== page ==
Hospital admissions and emergency department presentations after long duration workers’ compensation claims - Transitions Study- Report 2
What happens to workers with long duration workers’ compensation claims when their workers compensation benefits stop?
This is the central research question in the Transitions Study, and is partially answered in this report. We describe emergency department presentations and hospital admissions before and after cessation of workers’ compensation income support payments in two groups of workers with long-duration claims, in comparison with a group of community controls. This is the second report in a series examining use of health services and welfare benefits after workers’ compensation among people whose workers’ compensation benefits ceased due to the implementation of legislative amendments to Section 39 of the Workers’ Compensation Act 1987 (NSW). The amendments set a 260-week (5 year) limit on income support payments for injured workers unless they were assessed as having more than 20% permanent impairment, or were employed in an exempt occupational category (e.g. police officers, fire fighters, coal miners).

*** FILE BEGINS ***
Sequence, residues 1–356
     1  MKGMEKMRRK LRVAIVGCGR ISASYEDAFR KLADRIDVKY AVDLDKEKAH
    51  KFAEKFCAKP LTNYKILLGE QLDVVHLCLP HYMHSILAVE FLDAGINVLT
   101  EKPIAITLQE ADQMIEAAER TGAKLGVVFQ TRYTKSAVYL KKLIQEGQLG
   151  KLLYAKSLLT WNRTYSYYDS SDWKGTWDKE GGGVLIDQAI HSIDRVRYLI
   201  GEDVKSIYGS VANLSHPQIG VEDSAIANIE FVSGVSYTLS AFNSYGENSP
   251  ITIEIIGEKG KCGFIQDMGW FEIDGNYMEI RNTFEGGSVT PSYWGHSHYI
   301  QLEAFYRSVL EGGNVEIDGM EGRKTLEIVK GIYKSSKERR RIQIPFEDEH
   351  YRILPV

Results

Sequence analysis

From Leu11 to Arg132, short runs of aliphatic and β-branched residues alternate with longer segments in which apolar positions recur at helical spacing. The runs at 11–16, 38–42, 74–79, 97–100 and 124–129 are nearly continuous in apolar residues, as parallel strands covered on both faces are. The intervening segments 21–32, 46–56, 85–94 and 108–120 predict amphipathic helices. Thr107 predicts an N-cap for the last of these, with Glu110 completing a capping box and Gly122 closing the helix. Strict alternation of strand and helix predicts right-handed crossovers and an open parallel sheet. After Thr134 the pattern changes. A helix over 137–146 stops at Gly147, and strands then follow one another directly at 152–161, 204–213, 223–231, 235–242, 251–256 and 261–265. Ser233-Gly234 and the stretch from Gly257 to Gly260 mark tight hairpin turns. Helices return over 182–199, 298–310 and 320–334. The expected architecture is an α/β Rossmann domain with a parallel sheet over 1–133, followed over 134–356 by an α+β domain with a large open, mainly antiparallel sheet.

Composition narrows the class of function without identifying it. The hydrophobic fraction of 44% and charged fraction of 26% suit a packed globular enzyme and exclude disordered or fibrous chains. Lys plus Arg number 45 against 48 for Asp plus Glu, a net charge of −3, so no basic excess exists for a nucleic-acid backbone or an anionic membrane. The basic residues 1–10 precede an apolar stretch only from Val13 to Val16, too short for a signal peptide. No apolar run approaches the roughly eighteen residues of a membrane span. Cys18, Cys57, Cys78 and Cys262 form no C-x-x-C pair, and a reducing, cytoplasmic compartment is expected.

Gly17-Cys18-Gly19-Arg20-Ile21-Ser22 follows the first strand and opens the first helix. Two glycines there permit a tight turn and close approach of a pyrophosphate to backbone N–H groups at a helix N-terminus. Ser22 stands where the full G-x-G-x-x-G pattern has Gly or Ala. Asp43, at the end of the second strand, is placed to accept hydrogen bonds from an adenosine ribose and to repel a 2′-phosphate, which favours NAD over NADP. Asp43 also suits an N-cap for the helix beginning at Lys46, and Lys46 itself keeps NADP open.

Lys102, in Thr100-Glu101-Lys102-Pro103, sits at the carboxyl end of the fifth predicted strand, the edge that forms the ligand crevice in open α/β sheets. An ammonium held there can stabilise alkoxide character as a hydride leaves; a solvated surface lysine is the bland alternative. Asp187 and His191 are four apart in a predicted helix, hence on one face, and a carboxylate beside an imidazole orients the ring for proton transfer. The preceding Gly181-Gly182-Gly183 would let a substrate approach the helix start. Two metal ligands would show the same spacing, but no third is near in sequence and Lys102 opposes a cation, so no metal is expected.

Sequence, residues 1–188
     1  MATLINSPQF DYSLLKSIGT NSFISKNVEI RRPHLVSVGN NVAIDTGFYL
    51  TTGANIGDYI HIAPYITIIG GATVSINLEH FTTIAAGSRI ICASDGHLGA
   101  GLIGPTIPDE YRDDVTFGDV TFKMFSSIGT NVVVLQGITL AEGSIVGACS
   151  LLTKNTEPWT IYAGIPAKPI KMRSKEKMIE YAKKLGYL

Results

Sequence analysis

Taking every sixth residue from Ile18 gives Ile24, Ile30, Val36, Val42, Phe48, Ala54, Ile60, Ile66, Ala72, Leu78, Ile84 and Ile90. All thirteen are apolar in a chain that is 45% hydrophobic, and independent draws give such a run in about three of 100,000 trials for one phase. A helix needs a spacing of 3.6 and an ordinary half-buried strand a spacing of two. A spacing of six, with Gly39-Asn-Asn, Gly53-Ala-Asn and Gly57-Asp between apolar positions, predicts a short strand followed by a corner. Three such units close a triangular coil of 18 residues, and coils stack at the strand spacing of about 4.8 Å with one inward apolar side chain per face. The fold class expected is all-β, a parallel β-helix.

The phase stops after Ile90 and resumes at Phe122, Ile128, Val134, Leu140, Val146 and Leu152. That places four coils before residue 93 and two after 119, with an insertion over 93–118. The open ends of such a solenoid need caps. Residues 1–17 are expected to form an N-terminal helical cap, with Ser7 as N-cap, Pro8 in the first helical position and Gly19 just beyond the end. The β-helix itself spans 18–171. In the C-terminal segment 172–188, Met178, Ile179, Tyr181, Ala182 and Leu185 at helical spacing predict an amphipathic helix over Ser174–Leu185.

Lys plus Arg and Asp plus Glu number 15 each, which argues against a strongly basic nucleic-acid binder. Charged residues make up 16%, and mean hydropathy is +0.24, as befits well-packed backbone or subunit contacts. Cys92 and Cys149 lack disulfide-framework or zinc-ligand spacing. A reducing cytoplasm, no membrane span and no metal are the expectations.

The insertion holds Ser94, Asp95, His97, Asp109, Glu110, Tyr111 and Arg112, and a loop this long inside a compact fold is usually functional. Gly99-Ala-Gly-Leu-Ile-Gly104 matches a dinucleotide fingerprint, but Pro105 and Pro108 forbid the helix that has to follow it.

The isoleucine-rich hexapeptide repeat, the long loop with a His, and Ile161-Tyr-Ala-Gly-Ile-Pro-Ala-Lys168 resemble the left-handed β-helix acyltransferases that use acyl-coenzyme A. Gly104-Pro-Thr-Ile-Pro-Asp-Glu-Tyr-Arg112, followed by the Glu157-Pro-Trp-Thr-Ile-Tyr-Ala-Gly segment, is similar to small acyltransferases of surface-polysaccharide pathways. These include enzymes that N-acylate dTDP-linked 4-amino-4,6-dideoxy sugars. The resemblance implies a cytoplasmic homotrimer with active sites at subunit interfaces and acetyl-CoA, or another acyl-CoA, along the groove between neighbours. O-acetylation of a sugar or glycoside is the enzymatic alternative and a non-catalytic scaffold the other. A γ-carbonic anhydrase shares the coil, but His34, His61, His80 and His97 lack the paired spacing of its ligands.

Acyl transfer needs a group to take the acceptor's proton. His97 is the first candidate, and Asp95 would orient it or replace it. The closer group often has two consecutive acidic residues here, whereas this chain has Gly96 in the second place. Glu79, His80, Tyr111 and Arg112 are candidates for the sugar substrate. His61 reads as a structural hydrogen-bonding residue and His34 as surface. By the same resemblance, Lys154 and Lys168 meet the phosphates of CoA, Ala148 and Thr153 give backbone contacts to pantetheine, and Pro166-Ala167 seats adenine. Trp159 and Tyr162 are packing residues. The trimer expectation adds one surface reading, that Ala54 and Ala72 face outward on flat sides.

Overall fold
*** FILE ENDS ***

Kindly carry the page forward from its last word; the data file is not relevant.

This report examines whether emergency department presentations and hospital admissions differ between the study groups, and whether there are any changes after workers’ compensation benefits stop. To answer our study questions, we linked data from the New South Wales (NSW) hospital (public and private) and the NSW workers’ compensation systems, and then performed a series of statistical analyses comparing emergency department presentations and hospital admissions between groups, before and after the implementation of the Section 39 amendment.